Small Pelagic Fish (SPF)

Why Small Pelagic Fish are important?


  • Small pelagic fish, such as anchovy and sardine, may contribute up to 50% of the total landings of marine species (Freon et al. 2005).
  • The areas occupied by these species include all oceans and several inland seas (Checkley et al. 2017).
  • They are used for aquaculture feed, industrial oil, health supplements, and human consumption (Barange et al. 2014).
  • Especially in developing areas of the world, they play a critical role in the nutrition of many vulnerable and poor communities (Isaacs 2016).
  • In the Mediterranean, most small pelagic fish landings are consumed directly by humans or used in the canning industry.
  • Anchovy and sardine are key forage for marine predators, including fish, squid, marine mammals, and seabirds.
  • They are of increasing interest for conservation because of their perceived role as critical forage for charismatic megafauna (e.g., marine mammals and seabirds) in many regions (Checkley et al. 2017).

What are the characteristics of Small Pelagic Fish?


  • Small pelagic fish comprise small-sized, plankton-feeder, shoaling, epipelagic species that reside in coastal areas.
  • Their main characteristics are the short life span, fast growth and sexual maturity, and high fecundity (Freon et al. 2005).
  • They are particularly abundant in highly productive upwelling areas, which can support large populations. In many ecosystems due to their abundance and their mid-trophic position in the food web, they may exert a major control on energy flows, both upwards to their predators and downwards to plankton prey. This type of energy flow control is called ‘wasp-waist’ (Cury & Shannon 2004).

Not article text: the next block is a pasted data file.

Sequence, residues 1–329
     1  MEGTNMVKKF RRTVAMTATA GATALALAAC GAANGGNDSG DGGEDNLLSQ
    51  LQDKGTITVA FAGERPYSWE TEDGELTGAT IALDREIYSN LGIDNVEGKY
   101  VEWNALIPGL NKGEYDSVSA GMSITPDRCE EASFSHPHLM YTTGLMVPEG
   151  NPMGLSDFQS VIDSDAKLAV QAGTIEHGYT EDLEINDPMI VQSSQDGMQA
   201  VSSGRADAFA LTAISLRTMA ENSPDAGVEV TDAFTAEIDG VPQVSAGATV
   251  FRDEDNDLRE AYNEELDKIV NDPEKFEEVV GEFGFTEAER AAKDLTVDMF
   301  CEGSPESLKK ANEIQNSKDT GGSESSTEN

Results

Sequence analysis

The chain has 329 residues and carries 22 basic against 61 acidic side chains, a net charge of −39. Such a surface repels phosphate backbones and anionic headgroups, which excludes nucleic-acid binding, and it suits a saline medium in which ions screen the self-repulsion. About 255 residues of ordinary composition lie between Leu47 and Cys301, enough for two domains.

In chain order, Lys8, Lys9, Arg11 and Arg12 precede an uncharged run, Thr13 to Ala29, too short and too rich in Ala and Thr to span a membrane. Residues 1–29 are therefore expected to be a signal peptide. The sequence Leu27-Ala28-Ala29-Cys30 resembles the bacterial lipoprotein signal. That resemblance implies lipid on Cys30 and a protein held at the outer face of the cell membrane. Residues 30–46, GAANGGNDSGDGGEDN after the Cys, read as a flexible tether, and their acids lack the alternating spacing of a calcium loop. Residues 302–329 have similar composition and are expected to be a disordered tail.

• Small pelagic fish are very sensitive to environmental changes and extremely variable in their abundance. Their close dependence on the environment makes them suitable candidates for the study of climate change effects on the pelagic ecosystem.
  • Due to the short life span, their interannual population size largely depends on the annual reproductive effort and the subsequent recruitment success.
  • Mortality rates are extremely high during early stages (eggs, larvae) due to predation, lack of food and unsuitable environmental conditions (Freon et al. 2005).
  • Small pelagic fish are characterized by long-term variations that occur at multi-decadal scale, probably as a response to environmental regime changes. When anchovy and sardine coexist in the same system, they usually fluctuate out of phase
  • Several cases of small pelagic stock collapse have been reported worldwide (Daskalov 2002, Cury & Shannon 2004, Alheit & Niquen 2004), probably due to combined overfishing, environmental changes and/or environmental impact of human activities